The 2014 Winter Paralympic Games will be held in in the Russian city of Sochi, and its airport has undergone renovations to meet the needs of the athletes.
Sochi International airport owners, Basel Aero, recently announced completing the $1 million renovations which introduced permanent accessibility improvements for passengers with reduced mobility and other disabilities.
One of the signature features of recent renovations are mnemonic schemes featuring Braille letters, installed near the entrance and inside the terminal. However, this way finding solution is being discontinued at airports around the globe, replaced with more modern interactive totems featuring assistive technology to support people suffering from hearing loss and visual impairments.
Language and terms used in Basel Aero’s press release is a reminder that the road to inclusion has only just began in Russia. “Physically-challenged passengers can also use a special check-in desk,” the press release says, describing accessible check-in desks.
Sochi also introduced a preferential queue and a dedicated security check point for passengers with disabilities. It is unknown if personnel manning the checkpoint has undergone disability awareness training.
“Special yellow sign navigation, installed throughout the terminal, will help visually-impaired passengers to make their way through the building,” the press release adds, not saying if tactile footpaths are also part of the navigation package for the blind.
“A wheelchair-friendly elevator with Braille letters on the buttons will make it easy to reach the second floor,” Basel Aero announced, as if accessible elevators were a novelty item.
However, a novel feature in airport assistance is the presence of paramedics to help passengers with special needs during check-in, security checks and transfer from the departure lounge to an aircraft. “They can also meet passengers with reduced mobility at the arrival,” Sochi airport said.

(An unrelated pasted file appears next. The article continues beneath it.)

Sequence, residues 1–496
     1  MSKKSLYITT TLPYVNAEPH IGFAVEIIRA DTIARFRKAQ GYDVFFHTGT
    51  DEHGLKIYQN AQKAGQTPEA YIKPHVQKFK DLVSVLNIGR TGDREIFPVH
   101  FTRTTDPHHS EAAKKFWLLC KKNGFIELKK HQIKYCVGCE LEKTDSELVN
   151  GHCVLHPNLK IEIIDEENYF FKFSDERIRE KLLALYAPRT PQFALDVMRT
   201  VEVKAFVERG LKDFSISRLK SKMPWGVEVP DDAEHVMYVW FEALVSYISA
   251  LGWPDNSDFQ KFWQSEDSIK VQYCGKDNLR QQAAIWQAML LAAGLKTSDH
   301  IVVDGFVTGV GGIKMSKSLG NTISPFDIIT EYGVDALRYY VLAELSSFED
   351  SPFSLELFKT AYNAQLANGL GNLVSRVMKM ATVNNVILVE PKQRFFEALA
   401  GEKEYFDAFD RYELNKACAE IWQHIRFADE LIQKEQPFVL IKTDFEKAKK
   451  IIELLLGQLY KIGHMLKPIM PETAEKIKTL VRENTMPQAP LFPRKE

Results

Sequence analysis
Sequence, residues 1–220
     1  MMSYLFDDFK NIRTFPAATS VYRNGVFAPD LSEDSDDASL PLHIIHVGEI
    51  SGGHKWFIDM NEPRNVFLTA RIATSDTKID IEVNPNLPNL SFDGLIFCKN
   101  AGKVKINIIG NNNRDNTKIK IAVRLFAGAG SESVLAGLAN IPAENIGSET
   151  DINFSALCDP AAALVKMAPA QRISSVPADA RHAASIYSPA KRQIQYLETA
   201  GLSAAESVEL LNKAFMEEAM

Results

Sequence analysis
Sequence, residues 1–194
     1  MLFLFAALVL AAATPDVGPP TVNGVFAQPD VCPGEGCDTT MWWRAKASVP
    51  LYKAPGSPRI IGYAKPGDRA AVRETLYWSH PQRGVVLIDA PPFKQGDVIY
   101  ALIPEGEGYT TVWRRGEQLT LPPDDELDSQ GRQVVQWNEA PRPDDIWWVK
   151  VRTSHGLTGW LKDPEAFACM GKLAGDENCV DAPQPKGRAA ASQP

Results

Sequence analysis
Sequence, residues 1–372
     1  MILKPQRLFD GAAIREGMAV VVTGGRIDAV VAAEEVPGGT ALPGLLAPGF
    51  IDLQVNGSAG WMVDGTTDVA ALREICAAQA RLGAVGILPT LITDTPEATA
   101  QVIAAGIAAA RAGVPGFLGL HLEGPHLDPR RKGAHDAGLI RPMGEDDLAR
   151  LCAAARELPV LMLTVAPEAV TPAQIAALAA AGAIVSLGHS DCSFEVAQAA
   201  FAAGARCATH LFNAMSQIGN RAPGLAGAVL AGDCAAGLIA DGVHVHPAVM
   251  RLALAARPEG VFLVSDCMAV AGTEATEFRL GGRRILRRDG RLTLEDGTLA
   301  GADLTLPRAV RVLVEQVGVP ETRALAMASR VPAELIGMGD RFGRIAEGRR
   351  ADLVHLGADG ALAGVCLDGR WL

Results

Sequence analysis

“We’ve prepared everything to ensure the best and smoothest service for passengers with special needs. However, Basel Aero is still searching for new approaches and ways to make the accessibility program even more effective. Airport Sochi pledges to give a warmest welcome to Paralympians and their companions,” Leonid Sergeev, Basel Aero CEO, said.
Quite interestingly, the press release did not mention accessible toilets. “We do have accessible toilets on each level of the airport; There are a total of 16 of them: 10 are in the domestic terminal and 6 in the international one,” a spokesperson for Sochi airport told Reduced Mobility Rights on Tuesday.
A trained eye will immediately detect that toilets make wide use of common features, like the towels dispenser positioned at a standard hence non accessible height.
“All the toilets have been tested by the disabled. Necessary changes have been made according to their reviews, and now the toilets fully comply with the IPC requirements.The photo [provided by Sochi airport] distorts this perspective and gives a wrong vision. The towel dispenser is also located at the accessible height,” the Sochi airport spokesperson added.
Finally, we noticed that no information pertaining accessible features and assistance services is available on the airport’s website. “You’re right, the web site does not contain the information about accessibility tools because we’re working to launch a new one in late December. There will be all the necessary information regarding accessibility, preparation to the Olympics and Paralympics and lots of other useful tips for the passengers,” the spokesperson for Sochi airport said.
In little over 90 days almost 1,500 Paralympic athletes will put Sochi International airport accessible features to test. Godspeed.